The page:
So, let us assume for the moment that Chris Hedges is right and that, domestically and internationally, not only is the US every bit as much the proto-fascist juggernaut he suggests that it is, but that US liberals, who imagine they are the firewall against the full revenge of this storm, are in fact willing or unwilling accomplices in its advance.
This places Mr Hedges is nearly the same position as members of the left wing of the socialist party in 1932 in Germany. So, let us assume that that is where we are.
My recollection is not only that we lost that battle in spectacular fashion, but that in 1945, the liberal class picked up right where it had left off in 1941. Readers less familiar with this history may wish to recall (1) that liberal America was quite taken with Mr. Hitler and Mr. Mussolini; (2) that overall they were pleased in particular with Mr. Hitler’s anti-communism, his anti-Semitism, his hostility to homosexuality, his opposition to organized labor, and his defense of the traditional family; (3) that even FDR’s preparations for war were motivated less by moral outrage than by the huge sums the US had already sunk into Great Britain (which would then be lost) and fear over a world dominated by German economic and military superiority; but, therefore, (4) that it was only Pearl Harbor that created the political will to join the conflict.
When the Allies prevailed in 1945, no one in the US felt it necessary to examine the world system that had given rise to Stalin, or Hitler, or Mussolini. To the contrary, the liberal class was inclined to embrace Hannah Arendt’s ontologically fundamental lumping of all totalitarianisms in the same heap, which had the advantage that, unlike Friedrich von Hayek’s Road to Serfdom, Arendt had also said some unkind things about capitalism and Israel and therefore could be considered unbiased.
Assuming we are now where the left wing of the German socialist party was in 1932, what then? Of course, in 1932, what Mr. Hedges calls the “liberal class” was quite pleased with Mr. Hitler. Do we then simply write them off? And then what? Compose incisive, vitriolic prose for the left-wing blogosphere? (I have done that and continue to do that.) Makes me feel good to write and to read. My brothers and sisters in 1932 were doing the same, right up until 1938-9, when they were forced into exile and underground.
Perhaps this is what we need to do. Perhaps the liberal class is lost to us. And perhaps we therefore need to brace ourselves for the inevitable carnage that disorganized capitalism provokes in its downward global spiral. Nothing more can be done. Organize, write, read, and act until we are silenced.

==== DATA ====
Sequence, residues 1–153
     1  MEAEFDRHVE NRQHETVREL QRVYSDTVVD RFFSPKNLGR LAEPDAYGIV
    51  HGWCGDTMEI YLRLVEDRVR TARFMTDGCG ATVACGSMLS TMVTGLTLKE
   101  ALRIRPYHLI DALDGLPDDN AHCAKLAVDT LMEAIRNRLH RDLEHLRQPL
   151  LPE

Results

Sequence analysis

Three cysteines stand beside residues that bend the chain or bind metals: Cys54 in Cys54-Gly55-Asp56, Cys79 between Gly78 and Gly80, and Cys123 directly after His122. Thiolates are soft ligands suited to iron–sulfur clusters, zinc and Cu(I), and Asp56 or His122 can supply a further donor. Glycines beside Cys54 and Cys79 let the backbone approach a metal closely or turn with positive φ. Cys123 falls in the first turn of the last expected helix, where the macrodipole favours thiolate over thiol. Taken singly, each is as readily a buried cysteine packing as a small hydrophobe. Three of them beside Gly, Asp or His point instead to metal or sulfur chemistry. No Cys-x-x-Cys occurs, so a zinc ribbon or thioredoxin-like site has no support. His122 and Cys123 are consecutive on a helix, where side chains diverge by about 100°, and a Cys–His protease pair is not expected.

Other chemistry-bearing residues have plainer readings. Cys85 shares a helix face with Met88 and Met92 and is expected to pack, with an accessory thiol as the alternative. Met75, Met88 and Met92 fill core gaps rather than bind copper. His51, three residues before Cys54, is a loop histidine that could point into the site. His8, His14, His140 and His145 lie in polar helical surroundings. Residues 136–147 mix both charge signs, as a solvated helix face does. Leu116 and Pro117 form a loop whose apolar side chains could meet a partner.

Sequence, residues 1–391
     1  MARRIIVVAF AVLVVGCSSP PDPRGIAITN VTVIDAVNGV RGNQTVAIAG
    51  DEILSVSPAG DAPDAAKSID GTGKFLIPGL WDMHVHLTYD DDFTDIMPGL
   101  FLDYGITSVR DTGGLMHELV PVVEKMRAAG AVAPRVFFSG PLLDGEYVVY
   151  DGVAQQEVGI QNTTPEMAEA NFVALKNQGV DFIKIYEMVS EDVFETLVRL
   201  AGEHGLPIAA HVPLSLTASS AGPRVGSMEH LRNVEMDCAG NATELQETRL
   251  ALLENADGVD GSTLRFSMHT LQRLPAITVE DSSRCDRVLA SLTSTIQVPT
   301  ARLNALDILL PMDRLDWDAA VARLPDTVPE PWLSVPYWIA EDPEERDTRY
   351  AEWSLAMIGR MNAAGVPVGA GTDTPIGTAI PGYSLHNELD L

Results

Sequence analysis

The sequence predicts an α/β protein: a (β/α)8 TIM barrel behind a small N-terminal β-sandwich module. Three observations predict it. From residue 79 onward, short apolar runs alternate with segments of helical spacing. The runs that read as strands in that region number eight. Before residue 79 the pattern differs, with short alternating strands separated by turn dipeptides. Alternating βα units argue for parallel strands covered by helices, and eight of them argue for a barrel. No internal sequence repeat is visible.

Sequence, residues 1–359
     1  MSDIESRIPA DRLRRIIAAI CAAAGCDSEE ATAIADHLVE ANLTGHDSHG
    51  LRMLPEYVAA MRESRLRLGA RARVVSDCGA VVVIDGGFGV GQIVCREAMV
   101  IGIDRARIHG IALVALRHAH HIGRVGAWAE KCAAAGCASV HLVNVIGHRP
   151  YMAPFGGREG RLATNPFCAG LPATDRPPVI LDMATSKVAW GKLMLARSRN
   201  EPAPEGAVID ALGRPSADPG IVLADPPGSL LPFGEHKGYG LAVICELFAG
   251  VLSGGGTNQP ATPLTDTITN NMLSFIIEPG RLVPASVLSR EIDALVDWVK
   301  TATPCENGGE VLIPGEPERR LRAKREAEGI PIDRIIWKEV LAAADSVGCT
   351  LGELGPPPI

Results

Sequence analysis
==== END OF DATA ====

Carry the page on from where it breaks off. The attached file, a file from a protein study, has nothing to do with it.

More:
I have to wonder, however, whether this Manichean isolation of the liberal from the left did not in some ways accelerate and compound the violence that it deemed in any case inevitable. Because, from another vantage-point the liberal class was as much victim as perpetrator. And while its vision of the world and of Germany in 1932 was inclined to cast fascism in the best possible light, it should be remembered that the German Left’s demonization of liberal Germany made it all the easier for liberals to prefer Hitler over those on the Left who cast them as class enemies.
Am I mistaken to detect in Mr. Hedges’ characterization of the liberal class and, more specifically, the “death” of this class, a touch of the kind of rage a husband, wife, or child feels at the death of their beloved? And with such rage, is there not also a pang of guilt that my rage is irrationally complicit in the death of the beloved? Thus the self-loathing that not infrequently accompanies loss.
There is, however, another, more painful and less dramatic path. Because, of course, we inevitably see in the liberal class not only what it is, but what it could be; we want this class not so much to live up to its original promise as much as to grow out of its self-imposed adolescence (to use Kant’s expression). But, if I am not mistaken, this, our desire for the liberal class, is also our love for this class. We want it to be better, to recover from its illness, to wake up. But it is not, and so we are in mourning.
And, yet, notwithstanding our oedipal desire to make it so, the liberal class is not dead. As Mr. Hedges would be the first to admit, the liberal class is there, tepidly supporting minimal action on climate change, furtively complaining about the renewal of the Patriot Act, cheering with the President’s support of gay marriage or amnesty for children born of undocumented parents, but secretly wishing and hoping that this President would do more.
Mourning the death of the liberal class is, in my view, a cop out. It relieves us of the hard work of developing a language that reaches across the Manichean divide to, where possible, rescue members of the liberal class from their self-imposed adolescence. And it releases us from culpability in the impending disaster. What else could we do? Nothing. And so we are absolved. Psychoanalysis warns us against such repetition, which, even if inevitable, at least deserves our notice. Is 1932 2012? Is the liberal class the Christian Democratic Party or the Liberal Party of 1932? But, then, what are we? Are we the Democratic Socialists? And, if so, then what then? Must we play our pre-assigned role?
I think not. Instead we must continue to develop language that aims at restoring sight to the blind, hearing to the deaf, mobility to the halt, spirit to the depressed and dejected, and freedom to the captives, even or specially if they are captives by choice.
The time for mourning is over or at least premature. The time for work is at hand. The harvest is plentiful, but the workers are few. Work while it is still day.